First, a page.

SMEs are distorting the picture
When we talk about advertisers, we usually mean the kind of companies that belong to Isba. We don’t usually mean fitness instructors, plumbers, local bar owners or any of the other millions of professionals whose vast collective investment in marketing their products and services is counted in the total “advertising” spend figure.
Let’s compare, by media, the AA/Warc expenditure data, which counts every penny spent by every business of any size, with the IPA Databank, which mostly comprises large brands. There are some stark differences (I’ve excluded search from both datasets as it isn’t well-captured in the IPA Databank).
Online display — especially social media and online video — massively over-index, according to AA/Warc spend patterns. All other channels under-index except print, which is pretty much at parity.
The likely difference? SMEs.
Social media and online video are (rightly) the ideal promotional starting point for the 5.6m SMEs in the UK. You can tightly control budgets, experiment with creative executions, and test and learn as you grow.
SMEs collectively generate 35% of all business turnover in the UK totalling £2.4tn. If they spent an average of just 0.5% of their turnover on search, online display and social media, that’s £12bn.
The tech giants are so giant partly because they have tapped into a huge market that previously couldn’t access advertising opportunities beyond regional press, direct mail and sticking a card in the corner shop.
Back to my earlier question…
A vicious circle
Does it matter? Yes, I think it does.
I obviously have nothing against anyone marketing their business, whatever its size, but I think the way adspend is now characterised could be having an increasingly profound influence on how the direction and future of advertising is perceived.
Continued rampant increases in spend to the tech giants is a powerful herding mechanic. It is sending a dramatic signal that this is where the action is in advertising. Who wouldn’t be influenced — swayed, even — by such obvious momentum?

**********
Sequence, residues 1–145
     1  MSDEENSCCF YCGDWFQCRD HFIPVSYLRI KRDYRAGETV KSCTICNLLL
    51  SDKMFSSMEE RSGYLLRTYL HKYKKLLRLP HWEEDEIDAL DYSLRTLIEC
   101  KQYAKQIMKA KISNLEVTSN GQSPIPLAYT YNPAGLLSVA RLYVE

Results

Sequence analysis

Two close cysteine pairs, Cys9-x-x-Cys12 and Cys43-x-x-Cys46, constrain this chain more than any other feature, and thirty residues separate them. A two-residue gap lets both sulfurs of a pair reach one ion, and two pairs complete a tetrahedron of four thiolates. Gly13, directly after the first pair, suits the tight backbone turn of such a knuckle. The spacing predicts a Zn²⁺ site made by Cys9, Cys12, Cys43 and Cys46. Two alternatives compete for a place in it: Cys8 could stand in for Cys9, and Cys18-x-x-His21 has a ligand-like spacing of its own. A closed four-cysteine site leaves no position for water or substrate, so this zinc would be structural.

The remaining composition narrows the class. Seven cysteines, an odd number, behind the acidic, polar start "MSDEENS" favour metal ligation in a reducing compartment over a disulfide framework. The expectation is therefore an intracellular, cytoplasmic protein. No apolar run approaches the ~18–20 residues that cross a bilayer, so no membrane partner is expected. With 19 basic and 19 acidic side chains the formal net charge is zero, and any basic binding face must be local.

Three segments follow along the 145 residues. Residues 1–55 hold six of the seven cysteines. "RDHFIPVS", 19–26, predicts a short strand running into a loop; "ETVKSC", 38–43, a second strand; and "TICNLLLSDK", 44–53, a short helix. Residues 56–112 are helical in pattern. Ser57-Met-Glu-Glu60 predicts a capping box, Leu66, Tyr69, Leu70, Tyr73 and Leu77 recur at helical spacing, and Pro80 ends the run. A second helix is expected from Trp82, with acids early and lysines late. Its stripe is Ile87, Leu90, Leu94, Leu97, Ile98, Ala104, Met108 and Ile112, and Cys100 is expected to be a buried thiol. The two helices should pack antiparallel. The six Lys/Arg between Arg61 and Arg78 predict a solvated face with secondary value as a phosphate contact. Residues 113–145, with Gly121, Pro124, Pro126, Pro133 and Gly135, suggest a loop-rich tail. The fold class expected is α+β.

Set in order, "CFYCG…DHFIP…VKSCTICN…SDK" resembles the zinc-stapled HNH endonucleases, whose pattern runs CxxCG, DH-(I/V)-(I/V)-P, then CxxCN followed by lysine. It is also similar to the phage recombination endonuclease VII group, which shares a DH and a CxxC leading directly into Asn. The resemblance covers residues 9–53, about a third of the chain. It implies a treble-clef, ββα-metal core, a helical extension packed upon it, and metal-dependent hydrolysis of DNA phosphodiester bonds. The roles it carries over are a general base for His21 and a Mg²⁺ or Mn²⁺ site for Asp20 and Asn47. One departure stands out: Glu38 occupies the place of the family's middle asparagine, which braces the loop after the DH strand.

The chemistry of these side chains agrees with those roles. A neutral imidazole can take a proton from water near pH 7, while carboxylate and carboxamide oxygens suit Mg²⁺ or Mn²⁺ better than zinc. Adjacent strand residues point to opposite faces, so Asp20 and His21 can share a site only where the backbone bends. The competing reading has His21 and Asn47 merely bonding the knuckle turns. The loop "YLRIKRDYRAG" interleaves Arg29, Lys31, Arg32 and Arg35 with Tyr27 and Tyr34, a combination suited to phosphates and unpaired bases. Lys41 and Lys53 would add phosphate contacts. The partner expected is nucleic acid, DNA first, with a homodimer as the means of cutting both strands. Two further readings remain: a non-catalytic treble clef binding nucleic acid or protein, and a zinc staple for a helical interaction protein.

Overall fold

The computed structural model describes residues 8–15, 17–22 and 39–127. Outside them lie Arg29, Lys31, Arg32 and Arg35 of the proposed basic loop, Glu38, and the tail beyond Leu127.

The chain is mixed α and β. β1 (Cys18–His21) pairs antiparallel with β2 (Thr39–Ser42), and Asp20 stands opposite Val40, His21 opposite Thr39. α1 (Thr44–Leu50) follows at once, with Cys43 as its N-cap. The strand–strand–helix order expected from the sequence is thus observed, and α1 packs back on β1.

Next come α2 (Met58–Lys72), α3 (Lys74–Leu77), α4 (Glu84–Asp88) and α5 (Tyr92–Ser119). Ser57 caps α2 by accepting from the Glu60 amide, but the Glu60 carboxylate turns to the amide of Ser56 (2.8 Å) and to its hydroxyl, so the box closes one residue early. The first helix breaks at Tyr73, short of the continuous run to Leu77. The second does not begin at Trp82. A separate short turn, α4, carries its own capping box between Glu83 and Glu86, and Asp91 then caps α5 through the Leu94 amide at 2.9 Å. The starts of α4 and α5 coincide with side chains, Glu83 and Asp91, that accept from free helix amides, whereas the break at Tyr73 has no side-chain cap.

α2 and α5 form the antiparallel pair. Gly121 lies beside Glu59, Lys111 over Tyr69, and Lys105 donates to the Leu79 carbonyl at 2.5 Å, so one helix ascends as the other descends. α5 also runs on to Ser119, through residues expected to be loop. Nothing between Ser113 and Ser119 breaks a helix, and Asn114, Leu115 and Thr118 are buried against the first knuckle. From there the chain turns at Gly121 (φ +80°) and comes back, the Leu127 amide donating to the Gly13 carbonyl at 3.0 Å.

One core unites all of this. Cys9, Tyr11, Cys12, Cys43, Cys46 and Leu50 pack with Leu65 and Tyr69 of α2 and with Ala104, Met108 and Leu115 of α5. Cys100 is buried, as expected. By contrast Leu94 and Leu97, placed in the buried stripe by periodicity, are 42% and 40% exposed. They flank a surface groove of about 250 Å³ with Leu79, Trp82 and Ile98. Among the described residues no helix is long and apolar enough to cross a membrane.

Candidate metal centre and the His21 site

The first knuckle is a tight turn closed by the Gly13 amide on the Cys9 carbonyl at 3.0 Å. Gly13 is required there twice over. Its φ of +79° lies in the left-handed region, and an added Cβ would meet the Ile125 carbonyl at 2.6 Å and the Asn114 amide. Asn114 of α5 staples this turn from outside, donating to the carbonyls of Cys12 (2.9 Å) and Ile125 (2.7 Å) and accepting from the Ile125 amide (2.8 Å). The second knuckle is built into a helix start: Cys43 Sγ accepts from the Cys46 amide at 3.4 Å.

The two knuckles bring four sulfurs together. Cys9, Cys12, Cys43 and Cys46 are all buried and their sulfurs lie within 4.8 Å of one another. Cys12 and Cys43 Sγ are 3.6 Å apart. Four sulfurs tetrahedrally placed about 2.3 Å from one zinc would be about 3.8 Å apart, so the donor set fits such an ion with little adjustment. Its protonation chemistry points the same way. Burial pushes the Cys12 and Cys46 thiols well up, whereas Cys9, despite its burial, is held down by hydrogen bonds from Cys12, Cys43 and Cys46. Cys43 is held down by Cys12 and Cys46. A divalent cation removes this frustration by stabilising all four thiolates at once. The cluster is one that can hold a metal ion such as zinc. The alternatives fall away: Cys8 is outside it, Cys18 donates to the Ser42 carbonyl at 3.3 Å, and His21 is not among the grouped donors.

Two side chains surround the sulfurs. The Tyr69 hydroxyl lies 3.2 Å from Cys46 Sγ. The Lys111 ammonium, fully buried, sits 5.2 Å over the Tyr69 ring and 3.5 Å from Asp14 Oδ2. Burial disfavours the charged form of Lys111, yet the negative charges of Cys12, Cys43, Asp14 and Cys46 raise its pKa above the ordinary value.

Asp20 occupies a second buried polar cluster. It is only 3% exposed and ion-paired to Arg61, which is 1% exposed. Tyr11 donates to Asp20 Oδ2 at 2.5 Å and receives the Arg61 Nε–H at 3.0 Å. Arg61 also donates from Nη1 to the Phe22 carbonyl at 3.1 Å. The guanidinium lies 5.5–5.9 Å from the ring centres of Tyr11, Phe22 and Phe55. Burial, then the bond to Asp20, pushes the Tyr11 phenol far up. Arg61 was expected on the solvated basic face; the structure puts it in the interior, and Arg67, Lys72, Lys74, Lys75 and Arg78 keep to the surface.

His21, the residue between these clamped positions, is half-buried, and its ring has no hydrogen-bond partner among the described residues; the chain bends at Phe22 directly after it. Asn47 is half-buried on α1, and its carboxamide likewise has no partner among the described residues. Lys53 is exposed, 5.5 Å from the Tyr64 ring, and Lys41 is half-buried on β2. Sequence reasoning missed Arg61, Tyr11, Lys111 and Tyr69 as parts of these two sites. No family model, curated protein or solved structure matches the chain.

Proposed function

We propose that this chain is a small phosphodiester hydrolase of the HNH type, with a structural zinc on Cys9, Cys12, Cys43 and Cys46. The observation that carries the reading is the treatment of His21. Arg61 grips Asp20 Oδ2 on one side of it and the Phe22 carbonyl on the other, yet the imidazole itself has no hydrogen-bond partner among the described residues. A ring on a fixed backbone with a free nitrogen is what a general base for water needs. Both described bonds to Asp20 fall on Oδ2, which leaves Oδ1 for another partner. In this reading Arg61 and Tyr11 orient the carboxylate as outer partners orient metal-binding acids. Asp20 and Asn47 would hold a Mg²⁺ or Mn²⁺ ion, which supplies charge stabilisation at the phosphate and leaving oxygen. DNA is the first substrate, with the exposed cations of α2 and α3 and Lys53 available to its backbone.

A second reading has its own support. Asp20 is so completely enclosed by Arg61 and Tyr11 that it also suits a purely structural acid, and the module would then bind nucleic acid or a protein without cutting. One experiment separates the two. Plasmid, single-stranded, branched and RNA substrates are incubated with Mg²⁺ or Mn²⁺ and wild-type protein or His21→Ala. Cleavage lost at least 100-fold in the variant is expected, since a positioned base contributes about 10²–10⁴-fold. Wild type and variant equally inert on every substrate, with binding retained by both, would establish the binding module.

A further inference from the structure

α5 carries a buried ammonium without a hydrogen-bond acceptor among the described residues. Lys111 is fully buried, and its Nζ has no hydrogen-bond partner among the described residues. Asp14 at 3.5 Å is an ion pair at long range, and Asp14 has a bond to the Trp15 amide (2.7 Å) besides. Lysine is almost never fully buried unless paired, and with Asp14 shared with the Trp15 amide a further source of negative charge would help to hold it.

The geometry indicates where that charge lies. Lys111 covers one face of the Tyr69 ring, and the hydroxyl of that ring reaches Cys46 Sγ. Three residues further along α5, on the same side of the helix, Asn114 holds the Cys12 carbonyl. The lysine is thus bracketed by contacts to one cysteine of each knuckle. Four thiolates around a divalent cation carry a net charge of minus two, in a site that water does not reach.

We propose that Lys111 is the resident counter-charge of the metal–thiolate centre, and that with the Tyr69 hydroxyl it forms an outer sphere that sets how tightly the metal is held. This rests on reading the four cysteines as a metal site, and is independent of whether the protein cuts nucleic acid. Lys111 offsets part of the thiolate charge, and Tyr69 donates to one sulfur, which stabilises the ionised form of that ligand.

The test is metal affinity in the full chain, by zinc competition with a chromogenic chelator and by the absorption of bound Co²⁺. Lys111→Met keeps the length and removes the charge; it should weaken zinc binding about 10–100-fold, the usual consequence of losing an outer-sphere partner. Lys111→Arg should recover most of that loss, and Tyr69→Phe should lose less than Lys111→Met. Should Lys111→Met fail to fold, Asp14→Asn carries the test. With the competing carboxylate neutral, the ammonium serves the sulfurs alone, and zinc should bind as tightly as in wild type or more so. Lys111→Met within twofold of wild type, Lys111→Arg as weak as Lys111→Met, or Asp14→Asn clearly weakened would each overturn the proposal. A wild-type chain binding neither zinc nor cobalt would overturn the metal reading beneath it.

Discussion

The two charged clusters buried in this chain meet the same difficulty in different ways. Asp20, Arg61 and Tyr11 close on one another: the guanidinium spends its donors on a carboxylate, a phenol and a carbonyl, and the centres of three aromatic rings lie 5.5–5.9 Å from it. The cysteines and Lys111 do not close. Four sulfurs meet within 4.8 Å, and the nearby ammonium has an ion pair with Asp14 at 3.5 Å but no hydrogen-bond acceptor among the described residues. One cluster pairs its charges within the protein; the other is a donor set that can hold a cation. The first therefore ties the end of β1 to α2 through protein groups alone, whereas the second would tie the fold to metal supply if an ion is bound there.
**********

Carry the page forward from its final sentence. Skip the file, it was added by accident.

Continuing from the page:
This herding effect further entrenches the trend, entrenches the herding and sends advertising spiralling in a vicious circle all the way to the bottom of the funnel.
The AA/Warc data is used as a guide for the health of the UK ad market — and to promote it to government and overseas. But SME spend is warping the picture, hence the fracture with the consistent story of the past.
The growth in search, social and retail media paints the picture of a surging ad market, with no sign of budget cuts or caution. But advertising hasn’t burst into a new life of jaw-dropping growth; it has been redefined and expanded.
The long tail is turning the head
Without the context of what spend is coming from individuals and SMEs compared with larger businesses that substantially invest in professional advertising, supporting clever planning and great creativity, it can’t but influence the boardroom and the City.
SMEs are setting the direction of travel, with effectiveness papers less influential than how the herd of “advertisers” appear to be voting with their budgets.
Perception is important — the ad industry should know this better than anyone — and increased competition for budgets from point-of-sale search and retail media could lead to a brand/activation mismatch on steroids. With the pointy end of the funnel seeming more and more important, the funnel itself might get a lot shorter and narrower.
The AA and Warc are entitled to a growing number — and they use it well to promote the industry. But I’m increasingly concerned about unintended consequences. Not just self-interestedly because of the damage it might do to the TV industry, but because of the damage it will do to our culture.
Perhaps, as a more insightful accompaniment, the big agency holding companies could pool their data through Warc and produce a dataset that is more reflective of the trends and spend patterns of the bigger businesses they are employed by. That way, we’d have a consistent dataset to understand the true advertising trends that most agencies and advertisers are focused on.
Matt Hill is director of research and planning at Thinkbox